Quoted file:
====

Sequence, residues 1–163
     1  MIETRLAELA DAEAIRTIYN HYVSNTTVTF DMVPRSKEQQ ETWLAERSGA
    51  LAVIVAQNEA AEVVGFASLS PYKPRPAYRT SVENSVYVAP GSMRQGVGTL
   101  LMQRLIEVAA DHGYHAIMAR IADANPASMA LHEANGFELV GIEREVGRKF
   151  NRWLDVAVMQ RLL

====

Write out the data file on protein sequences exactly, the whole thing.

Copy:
Sequence, residues 1–163
     1  MIETRLAELA DAEAIRTIYN HYVSNTTVTF DMVPRSKEQQ ETWLAERSGA
    51  LAVIVAQNEA AEVVGFASLS PYKPRPAYRT SVENSVYVAP GSMRQGVGTL
   101  LMQRLIEVAA DHGYHAIMAR IADANPASMA LHEANGFELV GIEREVGRKF
   151  NRWLDVAVMQ RLL